Figure 6: Exporting the administrator audit log Figure 6: Exporting the administrator audit log Nothing seems to happen when you click the Export button, but in the background Exchange starts searching for the required data. (It would be nice if ECP acknowledged the export request.) After the search results have been generated, Exchange sends the data to the recipients in the form of an XML attachment called SearchResult.xml. As you can see in the sample SearchResult.xml file in Figure 7, it contains the raw XML code. When you open the file in a browser or any other application that can open XML files, it reveals the actions taken by administrators. Figure 7: Opening the SearchResult.xml attachment Figure 7: Opening the SearchResult.xml attachment

You won’t be able to access the attachment with Outlook Web App (OWA) unless you modify the OWA mailbox policy to permit XML files to be viewed. It’s probably a bad idea to do this to the general-purpose OWA mailbox policy because it can create the potential for end users to unwittingly access XML content that might be malicious. It’s a better idea to create a special OWA mailbox policy that permits access to XML attachments and assign that policy to administrators’ mailboxes.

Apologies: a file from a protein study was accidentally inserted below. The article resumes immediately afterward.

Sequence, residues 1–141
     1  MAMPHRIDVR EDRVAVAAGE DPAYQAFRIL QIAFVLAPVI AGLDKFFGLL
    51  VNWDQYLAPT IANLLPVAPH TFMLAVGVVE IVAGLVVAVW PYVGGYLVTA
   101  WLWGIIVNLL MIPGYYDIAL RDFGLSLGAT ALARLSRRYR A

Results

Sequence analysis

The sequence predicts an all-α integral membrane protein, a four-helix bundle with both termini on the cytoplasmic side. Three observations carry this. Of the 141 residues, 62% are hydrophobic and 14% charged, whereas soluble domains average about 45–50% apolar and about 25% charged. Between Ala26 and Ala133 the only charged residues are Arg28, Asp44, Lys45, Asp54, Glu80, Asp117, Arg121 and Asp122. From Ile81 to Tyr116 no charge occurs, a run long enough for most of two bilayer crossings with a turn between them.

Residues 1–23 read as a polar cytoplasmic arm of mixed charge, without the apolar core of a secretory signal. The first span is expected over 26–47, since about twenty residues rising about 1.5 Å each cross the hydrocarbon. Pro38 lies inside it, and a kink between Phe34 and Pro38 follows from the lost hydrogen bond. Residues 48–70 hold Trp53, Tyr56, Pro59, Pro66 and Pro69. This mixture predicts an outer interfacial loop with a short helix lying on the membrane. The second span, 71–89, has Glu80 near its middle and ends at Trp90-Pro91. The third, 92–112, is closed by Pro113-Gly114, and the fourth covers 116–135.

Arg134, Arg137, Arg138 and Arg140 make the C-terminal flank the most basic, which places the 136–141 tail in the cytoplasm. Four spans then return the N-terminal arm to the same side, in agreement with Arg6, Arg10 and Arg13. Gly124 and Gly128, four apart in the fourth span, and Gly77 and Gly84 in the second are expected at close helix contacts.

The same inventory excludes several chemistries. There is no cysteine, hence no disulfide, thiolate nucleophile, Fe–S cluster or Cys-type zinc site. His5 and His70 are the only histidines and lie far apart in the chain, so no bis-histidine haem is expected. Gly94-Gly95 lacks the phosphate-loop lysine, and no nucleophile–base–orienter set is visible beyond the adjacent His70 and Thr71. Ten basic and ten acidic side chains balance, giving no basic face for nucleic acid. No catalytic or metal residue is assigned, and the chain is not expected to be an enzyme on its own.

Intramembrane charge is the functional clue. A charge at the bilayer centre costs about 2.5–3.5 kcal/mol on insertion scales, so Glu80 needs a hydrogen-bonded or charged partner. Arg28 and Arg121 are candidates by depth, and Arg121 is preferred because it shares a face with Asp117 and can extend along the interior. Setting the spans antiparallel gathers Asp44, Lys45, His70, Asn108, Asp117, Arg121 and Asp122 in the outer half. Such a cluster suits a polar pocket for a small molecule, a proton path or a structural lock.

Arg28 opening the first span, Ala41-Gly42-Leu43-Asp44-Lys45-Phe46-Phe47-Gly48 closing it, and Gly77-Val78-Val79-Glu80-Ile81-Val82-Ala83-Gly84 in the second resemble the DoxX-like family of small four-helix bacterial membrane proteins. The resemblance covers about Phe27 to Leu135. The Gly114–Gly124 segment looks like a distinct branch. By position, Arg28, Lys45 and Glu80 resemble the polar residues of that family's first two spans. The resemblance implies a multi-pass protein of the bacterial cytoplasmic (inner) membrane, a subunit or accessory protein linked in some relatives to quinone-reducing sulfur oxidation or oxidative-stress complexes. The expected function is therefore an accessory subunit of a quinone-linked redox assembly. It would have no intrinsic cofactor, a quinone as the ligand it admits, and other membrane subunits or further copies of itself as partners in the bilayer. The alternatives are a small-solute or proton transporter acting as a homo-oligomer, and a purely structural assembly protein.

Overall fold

Enabling and Configuring Mailbox Auditing

Exchange 2010 SP1 introduces the ability to audit when owners, administrators, and delegates access mailboxes. Unlike administrator auditing, which is enabled on an organization-wide basis, mailbox auditing is enabled on an individual basis. This makes sense, as you probably don’t want the overhead of gathering audit data for every single mailbox in the organization. Instead, you can audit only those mailboxes that contain confidential information, such as executives’ mailboxes or discovery mailboxes that hold the results of multi-mailbox searches.



An example of the kind of problem that mailbox auditing seeks to address is when rogue administrators give themselves full access to another user’s mailbox, then log on to the mailbox to examine its contents. Although other versions of Exchange record an event indicating that the administrator logged on to the account, they don’t tell you what the rogue administrator did afterward. But if the mailbox has been enabled for auditing in Exchange 2010 SP1, the audit will capture details of any auditable actions performed by the administrator. The same data is also captured for users who have been assigned delegate access to the mailbox by its owner.